Full-text · Article · Apr 2014 · Croatian Medical Journal
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    • "Vlaar i wsp. [8] [9] oszacowali ryzyko występowania TRALI na 0,02% na każdą przetoczoną jednostkę krwi i na 0,16% u transfuzjonowanych chorych. U chorych w stanie krytycznym zwiększa się ryzyko wystąpienia TRALI (do 0,9% na przetoczoną jednostkę i do 2,2% u chorych). "
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    ABSTRACT: Transfusion-related acute lung injury (TRALI) is the leading cause of mortality following transfusion of blood components. Characteristic for TRALI is acute hypoxemia during or up to 6 h after transfusion provided that cardiogenic respiratory failure and transfusion-associated circulatory overload (TACO) are excluded. In this article we present: 1) Etiology and pathomechanism of TRALI syndrome including the numerous issues that are still unresolved. Currently accepted is the multiple-event model which involves both the patient and the transfused blood components. The TRALI syndrome may be either immunological or nonimmunological dependant on the various factors that activate neutrophils – the main cells in TRALI pathogenesis. 2) TRALI diagnosis should be based mainly on the clinical presentation due to the variety of pathomechanism of the syndrome; however testing of anti-leukocyte antibodies in transfused blood components, according to ISBT guidelines, is recommended in order to prevent TRALI incidence. 3) Different strategies of TRALI prevention, although up to date no ultimate provisions have been accepted. Transfusion of plasma collected only from men seems to be a promising solution as in many countries that adapted this preventive measure the number of TRALI cases has substantially decreased. 4) Different methods of proceeding with donors who donated blood components that were the cause of TRALI in transfused patients. It still remains an open question whether to defer donors with anti-leukocyte antibodies or multi pregnant women.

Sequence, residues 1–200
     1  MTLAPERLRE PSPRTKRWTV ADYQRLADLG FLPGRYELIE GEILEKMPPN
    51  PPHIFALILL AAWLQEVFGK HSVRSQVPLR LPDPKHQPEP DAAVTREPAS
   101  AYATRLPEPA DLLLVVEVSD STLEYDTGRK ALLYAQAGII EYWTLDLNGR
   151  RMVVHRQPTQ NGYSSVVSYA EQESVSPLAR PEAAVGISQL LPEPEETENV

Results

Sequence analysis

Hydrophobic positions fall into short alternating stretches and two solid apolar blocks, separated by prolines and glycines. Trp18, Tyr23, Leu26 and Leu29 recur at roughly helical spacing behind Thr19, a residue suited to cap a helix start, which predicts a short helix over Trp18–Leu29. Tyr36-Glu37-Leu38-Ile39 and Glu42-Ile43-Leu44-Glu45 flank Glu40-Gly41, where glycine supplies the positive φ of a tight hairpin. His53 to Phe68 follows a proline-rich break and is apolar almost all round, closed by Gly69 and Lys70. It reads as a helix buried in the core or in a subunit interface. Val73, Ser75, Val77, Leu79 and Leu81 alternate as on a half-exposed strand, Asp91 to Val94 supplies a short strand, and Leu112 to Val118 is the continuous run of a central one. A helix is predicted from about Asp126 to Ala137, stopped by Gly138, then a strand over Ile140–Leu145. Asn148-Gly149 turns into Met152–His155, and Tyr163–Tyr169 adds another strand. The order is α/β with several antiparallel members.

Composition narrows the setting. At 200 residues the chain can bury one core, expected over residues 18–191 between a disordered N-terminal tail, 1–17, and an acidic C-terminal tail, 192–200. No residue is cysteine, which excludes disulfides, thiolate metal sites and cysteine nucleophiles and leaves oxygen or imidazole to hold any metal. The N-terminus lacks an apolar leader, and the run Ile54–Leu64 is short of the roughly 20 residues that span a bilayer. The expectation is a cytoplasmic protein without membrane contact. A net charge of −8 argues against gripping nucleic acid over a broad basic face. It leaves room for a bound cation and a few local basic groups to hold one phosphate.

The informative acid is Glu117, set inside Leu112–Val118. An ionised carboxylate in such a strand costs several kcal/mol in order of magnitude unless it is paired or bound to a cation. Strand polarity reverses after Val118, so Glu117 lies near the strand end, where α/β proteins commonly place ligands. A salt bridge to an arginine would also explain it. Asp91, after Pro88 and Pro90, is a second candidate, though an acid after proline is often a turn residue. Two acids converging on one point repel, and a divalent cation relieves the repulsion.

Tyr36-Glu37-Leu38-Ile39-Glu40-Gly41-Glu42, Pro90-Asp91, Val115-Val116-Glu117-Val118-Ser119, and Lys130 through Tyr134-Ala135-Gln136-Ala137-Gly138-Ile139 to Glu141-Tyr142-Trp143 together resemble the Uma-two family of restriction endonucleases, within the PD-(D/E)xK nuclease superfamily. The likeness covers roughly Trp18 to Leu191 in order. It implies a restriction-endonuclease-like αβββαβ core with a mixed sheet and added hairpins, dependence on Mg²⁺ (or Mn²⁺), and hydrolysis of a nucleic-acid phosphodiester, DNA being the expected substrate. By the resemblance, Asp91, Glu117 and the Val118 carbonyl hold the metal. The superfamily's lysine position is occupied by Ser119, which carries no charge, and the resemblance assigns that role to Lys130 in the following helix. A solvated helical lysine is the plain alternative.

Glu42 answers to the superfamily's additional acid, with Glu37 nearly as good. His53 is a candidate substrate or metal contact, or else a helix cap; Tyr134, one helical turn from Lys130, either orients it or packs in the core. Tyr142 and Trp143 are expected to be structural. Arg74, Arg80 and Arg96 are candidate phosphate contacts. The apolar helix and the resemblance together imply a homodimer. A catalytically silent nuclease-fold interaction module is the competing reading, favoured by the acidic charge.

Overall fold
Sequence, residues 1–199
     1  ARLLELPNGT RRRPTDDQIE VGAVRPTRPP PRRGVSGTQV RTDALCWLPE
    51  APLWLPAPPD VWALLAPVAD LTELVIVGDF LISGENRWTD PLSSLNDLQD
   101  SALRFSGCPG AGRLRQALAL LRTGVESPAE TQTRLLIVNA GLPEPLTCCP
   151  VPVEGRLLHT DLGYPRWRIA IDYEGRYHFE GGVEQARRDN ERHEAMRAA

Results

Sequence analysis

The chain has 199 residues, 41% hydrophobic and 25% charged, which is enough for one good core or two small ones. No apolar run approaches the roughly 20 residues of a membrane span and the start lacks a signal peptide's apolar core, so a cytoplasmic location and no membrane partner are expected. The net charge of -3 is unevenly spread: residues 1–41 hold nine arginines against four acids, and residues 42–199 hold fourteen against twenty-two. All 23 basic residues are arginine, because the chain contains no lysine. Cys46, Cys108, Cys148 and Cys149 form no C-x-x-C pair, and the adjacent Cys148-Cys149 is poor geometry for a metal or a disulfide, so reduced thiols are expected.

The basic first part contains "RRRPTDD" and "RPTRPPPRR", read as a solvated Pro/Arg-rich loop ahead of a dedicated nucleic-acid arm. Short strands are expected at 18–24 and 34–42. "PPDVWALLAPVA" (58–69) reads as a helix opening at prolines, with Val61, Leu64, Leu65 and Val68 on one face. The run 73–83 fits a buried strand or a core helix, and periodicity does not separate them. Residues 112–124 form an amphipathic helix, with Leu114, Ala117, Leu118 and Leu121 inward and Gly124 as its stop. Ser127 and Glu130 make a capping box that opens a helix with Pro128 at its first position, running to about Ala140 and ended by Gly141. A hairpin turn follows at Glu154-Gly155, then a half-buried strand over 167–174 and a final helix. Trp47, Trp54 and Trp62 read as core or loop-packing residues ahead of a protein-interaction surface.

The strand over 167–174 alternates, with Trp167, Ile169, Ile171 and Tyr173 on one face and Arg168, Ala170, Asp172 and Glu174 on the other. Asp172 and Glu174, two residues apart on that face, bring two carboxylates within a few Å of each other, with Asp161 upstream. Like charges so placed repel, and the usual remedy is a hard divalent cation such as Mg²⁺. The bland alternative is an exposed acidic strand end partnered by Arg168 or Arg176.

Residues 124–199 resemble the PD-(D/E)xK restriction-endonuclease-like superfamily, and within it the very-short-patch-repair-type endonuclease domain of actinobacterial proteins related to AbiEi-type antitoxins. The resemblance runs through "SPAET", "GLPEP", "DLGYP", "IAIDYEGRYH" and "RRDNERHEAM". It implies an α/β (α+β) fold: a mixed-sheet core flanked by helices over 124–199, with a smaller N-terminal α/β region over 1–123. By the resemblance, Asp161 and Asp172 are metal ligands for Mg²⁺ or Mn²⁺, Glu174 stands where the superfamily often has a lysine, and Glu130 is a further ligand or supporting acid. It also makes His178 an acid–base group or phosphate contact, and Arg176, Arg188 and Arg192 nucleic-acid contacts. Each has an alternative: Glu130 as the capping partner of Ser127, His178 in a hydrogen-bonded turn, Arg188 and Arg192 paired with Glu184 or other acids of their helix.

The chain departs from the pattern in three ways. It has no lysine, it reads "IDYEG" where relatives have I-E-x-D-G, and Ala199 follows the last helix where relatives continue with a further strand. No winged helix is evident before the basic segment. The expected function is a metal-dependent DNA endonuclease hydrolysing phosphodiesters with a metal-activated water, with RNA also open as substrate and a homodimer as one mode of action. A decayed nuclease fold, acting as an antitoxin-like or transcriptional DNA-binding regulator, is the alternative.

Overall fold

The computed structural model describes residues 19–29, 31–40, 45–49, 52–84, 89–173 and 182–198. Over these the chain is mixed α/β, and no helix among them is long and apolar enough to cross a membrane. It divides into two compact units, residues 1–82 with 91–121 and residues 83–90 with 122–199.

Preview · Article · Jul 2013 · Acta haematologica Polonica